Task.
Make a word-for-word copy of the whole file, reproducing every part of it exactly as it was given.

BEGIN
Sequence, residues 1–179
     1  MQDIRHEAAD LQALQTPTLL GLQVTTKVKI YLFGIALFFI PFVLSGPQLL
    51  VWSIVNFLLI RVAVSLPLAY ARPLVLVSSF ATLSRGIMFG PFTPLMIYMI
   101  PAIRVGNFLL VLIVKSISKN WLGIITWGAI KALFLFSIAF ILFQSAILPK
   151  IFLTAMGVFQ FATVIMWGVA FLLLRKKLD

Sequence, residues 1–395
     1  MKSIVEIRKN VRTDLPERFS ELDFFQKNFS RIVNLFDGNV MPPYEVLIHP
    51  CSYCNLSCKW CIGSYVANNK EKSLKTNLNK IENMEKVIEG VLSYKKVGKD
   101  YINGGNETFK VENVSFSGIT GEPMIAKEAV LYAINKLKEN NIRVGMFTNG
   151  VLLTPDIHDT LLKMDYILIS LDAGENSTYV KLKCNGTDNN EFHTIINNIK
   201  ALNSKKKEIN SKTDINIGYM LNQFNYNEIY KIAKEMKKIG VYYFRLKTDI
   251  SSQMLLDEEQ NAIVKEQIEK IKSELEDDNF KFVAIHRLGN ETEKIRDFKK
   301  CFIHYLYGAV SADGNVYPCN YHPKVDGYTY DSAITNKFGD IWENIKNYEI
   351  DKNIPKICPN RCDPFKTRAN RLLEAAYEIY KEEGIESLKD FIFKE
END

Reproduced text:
Sequence, residues 1–179
     1  MQDIRHEAAD LQALQTPTLL GLQVTTKVKI YLFGIALFFI PFVLSGPQLL
    51  VWSIVNFLLI RVAVSLPLAY ARPLVLVSSF ATLSRGIMFG PFTPLMIYMI
   101  PAIRVGNFLL VLIVKSISKN WLGIITWGAI KALFLFSIAF ILFQSAILPK
   151  IFLTAMGVFQ FATVIMWGVA FLLLRKKLD

Sequence, residues 1–395
     1  MKSIVEIRKN VRTDLPERFS ELDFFQKNFS RIVNLFDGNV MPPYEVLIHP
    51  CSYCNLSCKW CIGSYVANNK EKSLKTNLNK IENMEKVIEG VLSYKKVGKD
   101  YINGGNETFK VENVSFSGIT GEPMIAKEAV LYAINKLKEN NIRVGMFTNG
   151  VLLTPDIHDT LLKMDYILIS LDAGENSTYV KLKCNGTDNN EFHTIINNIK
   201  ALNSKKKEIN SKTDINIGYM LNQFNYNEIY KIAKEMKKIG VYYFRLKTDI
   251  SSQMLLDEEQ NAIVKEQIEK IKSELEDDNF KFVAIHRLGN ETEKIRDFKK
   301  CFIHYLYGAV SADGNVYPCN YHPKVDGYTY DSAITNKFGD IWENIKNYEI
   351  DKNIPKICPN RCDPFKTRAN RLLEAAYEIY KEEGIESLKD FIFKE